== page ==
A small way that I practice minimizing exposure is in how I pack my IA gear.  I try to split up my “survival” gear into a few different places – rain coat (and coffee packets!) in the line gear, warm puffy jacket in my flight helmet bag, and sleeping bag and small camp stove in the overnight pack.  That way if I happen to get separated from any one or even two items (like my overnight pack and flight bag), I still have a bare minimum of gear in case I get stranded in a sudden rainstorm or even snow, as can happen in the late season in Montana and Idaho.

It’s the same old story about not putting all your eggs in one basket, and we can all think of ways to apply that in our personal lives.

Finally, make sure others can do your job if you can’t.  I addressed this a little bit in the last blog entry, talking about authority to lead, but I think it bears repeating, this time with a different focus.

A great way to make yourself, your crew, and your family more resilient is to mentor others around you.  Not only will those you mentor gain knowledge, life skills, and qualifications, but you’ll get better at the things you’re mentoring them on.  Make sure that your module, your crew, and your family have the skills to succeed without you, whatever those skills may be.  This will free you up to pursue your own goals when opportunity arises, and it can give enormous peace of mind to know that your family or your crew can handle whatever comes their way, be it a challenging fire assignment or a broken pipe at home.

The more people in your life that you can empower with skills and knowledge, the better.  Helping others to succeed in life is vital, because you never know when you’ll need others to help you succeed.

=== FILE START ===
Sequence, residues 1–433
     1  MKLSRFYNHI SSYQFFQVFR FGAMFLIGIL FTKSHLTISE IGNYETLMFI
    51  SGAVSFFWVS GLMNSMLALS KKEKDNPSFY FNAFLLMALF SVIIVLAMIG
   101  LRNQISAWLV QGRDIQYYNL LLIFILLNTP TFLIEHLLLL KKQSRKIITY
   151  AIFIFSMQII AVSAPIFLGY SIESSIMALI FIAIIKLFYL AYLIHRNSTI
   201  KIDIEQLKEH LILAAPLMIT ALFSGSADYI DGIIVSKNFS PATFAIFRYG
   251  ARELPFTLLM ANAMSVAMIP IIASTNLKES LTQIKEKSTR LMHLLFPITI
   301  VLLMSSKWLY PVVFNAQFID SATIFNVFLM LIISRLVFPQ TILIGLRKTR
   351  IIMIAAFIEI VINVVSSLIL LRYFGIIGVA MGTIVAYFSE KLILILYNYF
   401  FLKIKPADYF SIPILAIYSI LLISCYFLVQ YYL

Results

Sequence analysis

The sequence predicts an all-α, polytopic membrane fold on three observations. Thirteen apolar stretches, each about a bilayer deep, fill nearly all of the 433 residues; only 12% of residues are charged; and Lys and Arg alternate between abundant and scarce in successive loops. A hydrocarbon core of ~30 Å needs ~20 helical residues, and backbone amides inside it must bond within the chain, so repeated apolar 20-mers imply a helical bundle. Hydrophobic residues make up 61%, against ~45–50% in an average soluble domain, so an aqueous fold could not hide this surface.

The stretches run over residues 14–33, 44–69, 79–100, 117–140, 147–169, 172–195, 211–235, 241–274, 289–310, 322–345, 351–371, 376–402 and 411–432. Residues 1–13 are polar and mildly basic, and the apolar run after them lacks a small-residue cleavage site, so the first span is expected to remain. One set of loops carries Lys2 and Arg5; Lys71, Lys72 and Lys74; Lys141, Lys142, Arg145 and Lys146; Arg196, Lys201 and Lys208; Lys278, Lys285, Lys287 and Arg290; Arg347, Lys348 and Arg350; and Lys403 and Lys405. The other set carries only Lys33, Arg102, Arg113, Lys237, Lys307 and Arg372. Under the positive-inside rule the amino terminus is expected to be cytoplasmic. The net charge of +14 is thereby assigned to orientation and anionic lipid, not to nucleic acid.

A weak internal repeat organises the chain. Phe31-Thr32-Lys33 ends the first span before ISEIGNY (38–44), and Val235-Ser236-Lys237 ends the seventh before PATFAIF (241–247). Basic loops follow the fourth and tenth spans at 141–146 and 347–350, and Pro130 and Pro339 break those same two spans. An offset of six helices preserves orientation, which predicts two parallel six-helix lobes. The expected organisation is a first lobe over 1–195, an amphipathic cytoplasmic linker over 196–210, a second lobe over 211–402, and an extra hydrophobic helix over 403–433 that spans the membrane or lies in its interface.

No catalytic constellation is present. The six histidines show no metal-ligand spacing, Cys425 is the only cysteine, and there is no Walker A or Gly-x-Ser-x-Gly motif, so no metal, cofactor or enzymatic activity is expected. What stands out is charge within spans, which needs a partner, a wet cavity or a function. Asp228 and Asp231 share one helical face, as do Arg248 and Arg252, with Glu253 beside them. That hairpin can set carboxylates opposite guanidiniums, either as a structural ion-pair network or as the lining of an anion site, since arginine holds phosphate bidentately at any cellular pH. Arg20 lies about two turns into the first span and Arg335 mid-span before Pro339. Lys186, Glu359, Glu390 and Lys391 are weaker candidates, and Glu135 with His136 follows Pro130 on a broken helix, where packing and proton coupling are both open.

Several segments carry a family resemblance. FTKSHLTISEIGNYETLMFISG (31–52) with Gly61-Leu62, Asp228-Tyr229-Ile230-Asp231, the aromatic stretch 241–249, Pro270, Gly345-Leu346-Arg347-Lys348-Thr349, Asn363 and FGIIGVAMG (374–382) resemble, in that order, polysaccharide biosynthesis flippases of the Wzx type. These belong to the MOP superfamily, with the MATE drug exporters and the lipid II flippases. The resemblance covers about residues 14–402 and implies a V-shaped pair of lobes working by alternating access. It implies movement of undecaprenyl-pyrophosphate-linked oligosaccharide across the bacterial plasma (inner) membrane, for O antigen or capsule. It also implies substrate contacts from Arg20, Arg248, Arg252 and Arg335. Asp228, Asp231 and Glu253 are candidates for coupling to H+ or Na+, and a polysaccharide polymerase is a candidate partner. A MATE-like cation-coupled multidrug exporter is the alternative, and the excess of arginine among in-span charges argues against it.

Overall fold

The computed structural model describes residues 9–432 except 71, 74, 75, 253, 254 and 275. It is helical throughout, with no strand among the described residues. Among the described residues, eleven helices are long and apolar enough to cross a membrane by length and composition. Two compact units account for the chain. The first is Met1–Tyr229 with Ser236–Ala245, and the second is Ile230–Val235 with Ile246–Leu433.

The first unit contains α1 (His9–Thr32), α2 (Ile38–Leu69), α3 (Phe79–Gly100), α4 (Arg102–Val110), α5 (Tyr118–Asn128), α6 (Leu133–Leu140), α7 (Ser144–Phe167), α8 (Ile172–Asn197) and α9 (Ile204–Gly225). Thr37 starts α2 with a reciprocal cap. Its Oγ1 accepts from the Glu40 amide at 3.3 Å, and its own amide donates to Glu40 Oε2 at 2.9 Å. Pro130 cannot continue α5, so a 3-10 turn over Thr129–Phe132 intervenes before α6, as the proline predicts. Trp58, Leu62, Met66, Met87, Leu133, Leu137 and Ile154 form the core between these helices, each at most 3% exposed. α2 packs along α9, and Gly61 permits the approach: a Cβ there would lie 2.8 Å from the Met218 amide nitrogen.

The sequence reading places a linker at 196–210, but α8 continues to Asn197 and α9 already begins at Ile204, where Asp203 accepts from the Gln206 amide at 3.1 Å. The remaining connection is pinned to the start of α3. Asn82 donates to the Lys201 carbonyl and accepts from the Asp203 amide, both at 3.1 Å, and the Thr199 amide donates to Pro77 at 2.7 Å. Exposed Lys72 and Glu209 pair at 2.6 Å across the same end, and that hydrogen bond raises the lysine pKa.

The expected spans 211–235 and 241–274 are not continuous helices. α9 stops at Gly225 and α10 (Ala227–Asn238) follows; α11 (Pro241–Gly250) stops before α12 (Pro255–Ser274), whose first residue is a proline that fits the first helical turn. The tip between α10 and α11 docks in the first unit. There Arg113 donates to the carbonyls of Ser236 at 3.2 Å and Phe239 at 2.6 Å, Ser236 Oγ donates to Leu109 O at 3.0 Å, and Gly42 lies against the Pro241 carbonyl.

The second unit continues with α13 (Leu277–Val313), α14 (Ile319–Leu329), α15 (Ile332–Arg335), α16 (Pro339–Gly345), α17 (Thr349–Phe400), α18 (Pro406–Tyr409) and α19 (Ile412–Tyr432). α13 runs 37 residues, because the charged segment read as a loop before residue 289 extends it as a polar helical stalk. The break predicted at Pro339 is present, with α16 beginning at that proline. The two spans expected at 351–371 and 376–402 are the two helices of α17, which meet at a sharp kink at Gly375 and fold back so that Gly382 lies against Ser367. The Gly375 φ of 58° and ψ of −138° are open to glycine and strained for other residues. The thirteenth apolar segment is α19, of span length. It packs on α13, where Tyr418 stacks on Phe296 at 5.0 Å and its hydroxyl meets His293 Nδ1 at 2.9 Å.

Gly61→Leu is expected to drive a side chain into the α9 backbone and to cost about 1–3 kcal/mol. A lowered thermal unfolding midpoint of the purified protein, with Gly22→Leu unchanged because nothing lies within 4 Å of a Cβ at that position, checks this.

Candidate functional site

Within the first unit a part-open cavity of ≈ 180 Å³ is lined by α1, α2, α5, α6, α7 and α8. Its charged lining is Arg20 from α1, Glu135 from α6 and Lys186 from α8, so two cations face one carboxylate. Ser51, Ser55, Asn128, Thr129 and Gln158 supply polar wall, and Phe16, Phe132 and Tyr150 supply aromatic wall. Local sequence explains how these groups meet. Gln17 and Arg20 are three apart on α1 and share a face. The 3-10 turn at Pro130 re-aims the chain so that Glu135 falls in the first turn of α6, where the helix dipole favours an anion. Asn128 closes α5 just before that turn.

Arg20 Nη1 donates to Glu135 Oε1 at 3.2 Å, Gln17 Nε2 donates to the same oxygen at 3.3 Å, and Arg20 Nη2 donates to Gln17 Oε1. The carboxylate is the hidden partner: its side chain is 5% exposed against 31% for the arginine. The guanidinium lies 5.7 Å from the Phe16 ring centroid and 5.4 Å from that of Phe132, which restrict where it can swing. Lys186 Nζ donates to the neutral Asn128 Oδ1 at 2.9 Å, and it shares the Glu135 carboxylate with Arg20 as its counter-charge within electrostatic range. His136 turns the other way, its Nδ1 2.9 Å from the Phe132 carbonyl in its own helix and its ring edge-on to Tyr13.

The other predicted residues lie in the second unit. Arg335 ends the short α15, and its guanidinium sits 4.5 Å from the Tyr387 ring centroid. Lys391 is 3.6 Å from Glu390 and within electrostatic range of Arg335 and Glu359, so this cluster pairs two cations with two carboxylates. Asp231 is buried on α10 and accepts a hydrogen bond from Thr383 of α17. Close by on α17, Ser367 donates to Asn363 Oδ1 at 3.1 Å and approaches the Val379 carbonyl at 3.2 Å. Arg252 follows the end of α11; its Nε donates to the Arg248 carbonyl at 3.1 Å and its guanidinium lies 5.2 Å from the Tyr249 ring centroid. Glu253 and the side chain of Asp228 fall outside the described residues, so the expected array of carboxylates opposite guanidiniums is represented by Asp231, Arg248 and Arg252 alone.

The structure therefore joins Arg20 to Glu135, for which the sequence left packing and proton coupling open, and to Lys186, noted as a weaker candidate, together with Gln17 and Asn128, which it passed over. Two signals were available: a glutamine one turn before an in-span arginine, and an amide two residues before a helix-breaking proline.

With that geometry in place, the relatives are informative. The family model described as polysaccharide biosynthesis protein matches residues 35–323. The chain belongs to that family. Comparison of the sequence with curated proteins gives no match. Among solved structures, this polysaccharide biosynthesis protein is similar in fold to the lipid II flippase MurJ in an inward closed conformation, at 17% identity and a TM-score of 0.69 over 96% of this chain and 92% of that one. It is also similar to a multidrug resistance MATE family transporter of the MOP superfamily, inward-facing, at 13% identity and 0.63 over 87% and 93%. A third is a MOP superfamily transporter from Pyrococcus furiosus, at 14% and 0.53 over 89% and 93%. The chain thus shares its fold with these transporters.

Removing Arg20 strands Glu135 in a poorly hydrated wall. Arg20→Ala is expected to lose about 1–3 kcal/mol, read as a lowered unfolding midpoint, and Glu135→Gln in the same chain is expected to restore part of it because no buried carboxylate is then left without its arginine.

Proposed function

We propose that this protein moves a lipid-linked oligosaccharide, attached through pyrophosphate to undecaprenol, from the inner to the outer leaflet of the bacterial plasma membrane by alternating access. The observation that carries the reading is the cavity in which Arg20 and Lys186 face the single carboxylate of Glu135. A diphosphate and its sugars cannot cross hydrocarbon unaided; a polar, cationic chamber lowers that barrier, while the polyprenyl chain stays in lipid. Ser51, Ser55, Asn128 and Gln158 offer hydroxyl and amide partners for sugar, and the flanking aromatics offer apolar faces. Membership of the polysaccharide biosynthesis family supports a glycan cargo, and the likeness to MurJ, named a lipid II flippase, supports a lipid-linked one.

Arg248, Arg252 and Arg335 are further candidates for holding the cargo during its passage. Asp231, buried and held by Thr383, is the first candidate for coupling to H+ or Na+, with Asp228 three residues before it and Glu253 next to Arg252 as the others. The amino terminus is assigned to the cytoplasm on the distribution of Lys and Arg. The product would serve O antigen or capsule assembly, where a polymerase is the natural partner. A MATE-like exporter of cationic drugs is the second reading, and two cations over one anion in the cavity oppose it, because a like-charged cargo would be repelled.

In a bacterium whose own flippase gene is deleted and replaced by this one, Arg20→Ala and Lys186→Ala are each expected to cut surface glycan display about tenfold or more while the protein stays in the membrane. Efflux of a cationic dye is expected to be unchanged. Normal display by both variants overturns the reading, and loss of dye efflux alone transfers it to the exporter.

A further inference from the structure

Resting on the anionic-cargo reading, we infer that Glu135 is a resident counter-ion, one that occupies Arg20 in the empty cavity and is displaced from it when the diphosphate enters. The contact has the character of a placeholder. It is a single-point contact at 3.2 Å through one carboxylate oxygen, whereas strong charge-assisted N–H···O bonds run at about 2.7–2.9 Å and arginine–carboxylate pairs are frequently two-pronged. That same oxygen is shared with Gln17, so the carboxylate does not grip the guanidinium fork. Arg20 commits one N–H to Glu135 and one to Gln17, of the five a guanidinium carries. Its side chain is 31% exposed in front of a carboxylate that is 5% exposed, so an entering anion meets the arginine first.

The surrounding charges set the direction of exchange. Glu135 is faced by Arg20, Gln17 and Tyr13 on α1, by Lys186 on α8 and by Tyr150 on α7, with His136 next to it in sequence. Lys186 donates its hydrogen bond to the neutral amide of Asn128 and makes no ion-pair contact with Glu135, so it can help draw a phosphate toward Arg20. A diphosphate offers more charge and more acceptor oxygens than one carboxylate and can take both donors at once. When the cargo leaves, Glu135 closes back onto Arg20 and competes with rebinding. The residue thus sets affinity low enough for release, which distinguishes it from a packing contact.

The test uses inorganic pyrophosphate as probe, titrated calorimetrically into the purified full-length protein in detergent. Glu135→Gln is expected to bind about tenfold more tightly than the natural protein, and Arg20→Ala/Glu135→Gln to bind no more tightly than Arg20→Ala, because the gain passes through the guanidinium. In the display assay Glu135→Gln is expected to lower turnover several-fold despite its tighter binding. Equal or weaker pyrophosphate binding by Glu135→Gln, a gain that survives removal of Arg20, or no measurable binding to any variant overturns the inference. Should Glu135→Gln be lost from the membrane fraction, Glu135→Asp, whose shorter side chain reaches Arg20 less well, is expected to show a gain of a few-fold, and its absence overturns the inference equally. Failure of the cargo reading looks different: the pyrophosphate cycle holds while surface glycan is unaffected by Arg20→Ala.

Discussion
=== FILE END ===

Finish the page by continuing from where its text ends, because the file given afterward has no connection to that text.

That leads to a final point.  Resiliency isn’t about being the strongest, the best, or the toughest.  It’s about doing what you need to do to endure hardship and recover from it.  It’s about being able to accept help when you need it, and being available to help others when they do.  This is one reason why I love fire people – when a true crisis hits, we come together to endure and recover.  There’s a reason why, after Hurricane Katrina, people learned to seek out the “green pants” if they needed something.  We are capable of resiliency, personally and professionally, on a level that most people will never have to know, and it’s on us to keep improving our ability to rise to the occasion, no matter if it’s professional or personally.

Stay strong, stay fluid, stay safe, and be resilient.

Until next time…


About Justin Vernon

I'm an amateur photographer, wanna-be writer, tech aficionado, and a classic introvert who values quiet time as much as I do the mountains and people of the Pacific Northwest and Northern Rockies.
This entry was posted in Leadership, Wildland Fire. Bookmark the permalink.